To help developers factor the network environment into their application designs, consider four network dimensions: narrowband versus broadband, public versus private infrastructure, fixed versus mobile, and wired versus wireless.
First, consider the narrowband wired case. Narrowband application design best practices are well known, if not always followed. The fundamental tenets are: Keep bandwidth requests low, expect latency to be high, and piggyback network requests to avoid synchronous request/response activity.
Now, think about broadband. High-speed connections provide more bandwidth than dial-up services do, but sources of delay, including router hops and packet loss, still abound. Move from a private to a public network and the situation deteriorates even further, not only in terms of delay but in terms of availability. Internet reliability still hovers between 97 percent and 99.3 percent compared with the 99.9 percent reliability of a well-engineered LAN, according to Meta Group studies. So the application must be designed to work in disconnected mode, or at least in dial-up mode, because the public broadband pipe can fail.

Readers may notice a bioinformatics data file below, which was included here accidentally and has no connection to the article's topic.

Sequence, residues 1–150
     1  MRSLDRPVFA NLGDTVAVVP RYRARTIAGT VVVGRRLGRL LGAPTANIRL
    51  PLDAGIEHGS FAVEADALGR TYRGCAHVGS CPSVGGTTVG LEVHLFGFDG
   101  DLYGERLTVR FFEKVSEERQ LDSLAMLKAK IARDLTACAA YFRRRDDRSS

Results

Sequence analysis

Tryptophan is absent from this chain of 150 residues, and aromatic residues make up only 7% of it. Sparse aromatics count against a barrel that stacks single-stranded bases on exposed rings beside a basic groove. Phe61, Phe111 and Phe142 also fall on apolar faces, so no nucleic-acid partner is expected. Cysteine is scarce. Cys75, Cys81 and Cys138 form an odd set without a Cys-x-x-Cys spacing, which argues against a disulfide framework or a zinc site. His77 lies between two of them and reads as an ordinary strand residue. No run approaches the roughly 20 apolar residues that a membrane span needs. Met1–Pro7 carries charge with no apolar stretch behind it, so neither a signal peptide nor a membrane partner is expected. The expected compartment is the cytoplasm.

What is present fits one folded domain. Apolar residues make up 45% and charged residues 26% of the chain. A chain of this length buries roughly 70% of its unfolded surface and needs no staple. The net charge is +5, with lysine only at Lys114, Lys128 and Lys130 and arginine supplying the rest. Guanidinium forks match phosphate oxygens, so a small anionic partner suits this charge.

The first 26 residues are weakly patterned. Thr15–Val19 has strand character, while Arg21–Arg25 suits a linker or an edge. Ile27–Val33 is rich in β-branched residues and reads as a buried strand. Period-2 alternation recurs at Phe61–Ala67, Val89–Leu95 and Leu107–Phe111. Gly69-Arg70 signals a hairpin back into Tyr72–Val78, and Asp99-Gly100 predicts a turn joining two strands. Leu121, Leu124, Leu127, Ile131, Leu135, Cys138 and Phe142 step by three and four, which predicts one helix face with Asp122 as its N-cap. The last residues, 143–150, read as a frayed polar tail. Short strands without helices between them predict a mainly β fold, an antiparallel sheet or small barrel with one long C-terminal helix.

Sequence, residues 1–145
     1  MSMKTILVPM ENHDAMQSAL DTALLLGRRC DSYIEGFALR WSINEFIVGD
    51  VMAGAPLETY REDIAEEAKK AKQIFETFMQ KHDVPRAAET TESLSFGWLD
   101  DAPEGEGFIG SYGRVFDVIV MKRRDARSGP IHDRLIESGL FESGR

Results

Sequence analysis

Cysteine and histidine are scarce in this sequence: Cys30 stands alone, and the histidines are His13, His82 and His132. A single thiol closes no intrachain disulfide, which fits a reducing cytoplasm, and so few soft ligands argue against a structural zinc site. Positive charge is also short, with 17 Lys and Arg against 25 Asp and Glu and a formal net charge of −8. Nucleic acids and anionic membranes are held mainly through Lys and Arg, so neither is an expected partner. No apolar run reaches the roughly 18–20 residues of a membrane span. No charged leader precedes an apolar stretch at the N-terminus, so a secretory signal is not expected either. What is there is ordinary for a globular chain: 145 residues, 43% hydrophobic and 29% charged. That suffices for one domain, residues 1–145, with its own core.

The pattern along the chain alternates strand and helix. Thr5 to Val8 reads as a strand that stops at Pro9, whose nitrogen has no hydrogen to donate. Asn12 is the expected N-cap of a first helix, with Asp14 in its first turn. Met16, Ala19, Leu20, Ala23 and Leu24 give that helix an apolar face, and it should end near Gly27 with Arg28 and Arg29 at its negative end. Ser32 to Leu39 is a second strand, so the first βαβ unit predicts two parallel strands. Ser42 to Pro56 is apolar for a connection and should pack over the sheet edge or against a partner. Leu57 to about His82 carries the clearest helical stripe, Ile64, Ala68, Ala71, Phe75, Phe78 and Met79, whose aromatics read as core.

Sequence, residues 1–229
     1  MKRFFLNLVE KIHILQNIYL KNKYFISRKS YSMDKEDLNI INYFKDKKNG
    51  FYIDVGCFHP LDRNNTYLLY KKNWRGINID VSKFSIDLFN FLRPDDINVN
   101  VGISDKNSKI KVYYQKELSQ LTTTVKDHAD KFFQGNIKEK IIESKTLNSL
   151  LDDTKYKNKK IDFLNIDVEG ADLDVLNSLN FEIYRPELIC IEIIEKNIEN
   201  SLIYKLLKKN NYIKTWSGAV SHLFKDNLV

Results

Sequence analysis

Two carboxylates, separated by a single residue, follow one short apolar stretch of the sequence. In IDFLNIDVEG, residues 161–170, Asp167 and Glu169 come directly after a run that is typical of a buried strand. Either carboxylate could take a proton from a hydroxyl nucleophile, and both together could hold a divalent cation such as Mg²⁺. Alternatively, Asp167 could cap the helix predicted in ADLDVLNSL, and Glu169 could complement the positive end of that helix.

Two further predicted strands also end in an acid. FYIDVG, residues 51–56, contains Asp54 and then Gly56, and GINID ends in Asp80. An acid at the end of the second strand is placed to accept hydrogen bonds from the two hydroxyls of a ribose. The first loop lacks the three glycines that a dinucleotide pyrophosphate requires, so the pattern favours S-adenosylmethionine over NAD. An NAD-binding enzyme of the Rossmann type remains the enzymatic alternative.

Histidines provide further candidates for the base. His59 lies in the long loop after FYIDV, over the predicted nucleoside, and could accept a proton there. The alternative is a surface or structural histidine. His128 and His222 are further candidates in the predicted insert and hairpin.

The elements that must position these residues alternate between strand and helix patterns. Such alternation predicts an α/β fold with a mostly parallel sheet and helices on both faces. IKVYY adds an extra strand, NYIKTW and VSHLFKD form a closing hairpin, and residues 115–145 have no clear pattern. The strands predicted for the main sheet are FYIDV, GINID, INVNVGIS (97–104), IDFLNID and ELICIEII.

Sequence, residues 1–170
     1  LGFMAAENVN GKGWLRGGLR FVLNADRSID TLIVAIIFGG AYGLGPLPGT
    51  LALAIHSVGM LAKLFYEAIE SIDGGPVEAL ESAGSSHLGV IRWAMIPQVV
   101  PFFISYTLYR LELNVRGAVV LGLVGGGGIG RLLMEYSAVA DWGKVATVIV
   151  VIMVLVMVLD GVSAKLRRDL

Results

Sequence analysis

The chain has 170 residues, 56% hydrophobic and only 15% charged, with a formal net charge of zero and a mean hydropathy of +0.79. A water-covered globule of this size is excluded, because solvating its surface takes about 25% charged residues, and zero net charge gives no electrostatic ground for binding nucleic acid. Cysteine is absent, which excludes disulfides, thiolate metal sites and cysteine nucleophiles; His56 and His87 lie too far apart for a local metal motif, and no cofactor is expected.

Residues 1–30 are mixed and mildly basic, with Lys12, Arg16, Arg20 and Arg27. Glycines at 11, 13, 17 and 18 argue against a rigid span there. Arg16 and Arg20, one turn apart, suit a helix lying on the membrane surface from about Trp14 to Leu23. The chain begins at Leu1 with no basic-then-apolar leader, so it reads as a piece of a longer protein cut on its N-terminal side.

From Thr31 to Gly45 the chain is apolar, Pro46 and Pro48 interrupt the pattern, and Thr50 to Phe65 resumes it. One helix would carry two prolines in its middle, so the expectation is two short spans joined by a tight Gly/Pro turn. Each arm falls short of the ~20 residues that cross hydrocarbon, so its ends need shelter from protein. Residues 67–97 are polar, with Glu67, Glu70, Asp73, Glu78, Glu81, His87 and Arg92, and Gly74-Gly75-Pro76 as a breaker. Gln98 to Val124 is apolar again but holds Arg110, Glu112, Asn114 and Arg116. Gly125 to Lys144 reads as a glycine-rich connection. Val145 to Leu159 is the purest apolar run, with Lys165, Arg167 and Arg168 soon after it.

Finally, think about the wireless scenario. This is much like a mobile dial-up connection but with potentially better persistence--but often lacking QoS mechanisms. You can't guarantee a quality mobile network unless you've built the network yourself. In a private warehouse, for example, an application can function seamlessly while the user moves about a Wi-Fi network. But move onto a public infrastructure and the problems associated with public wired infrastructure, including high latency and low reliability, crop up. Use a cellular network and you'll get better coverage, or so the theory goes, but delay will skyrocket. Our studies of new cellular networks, including WCDMA-based 3G services, show a base latency of about three quarters of a second, which has a huge effect on application performance.
Which brings us right back to where we started. If you want application reliability, don't make assumptions about network service quality.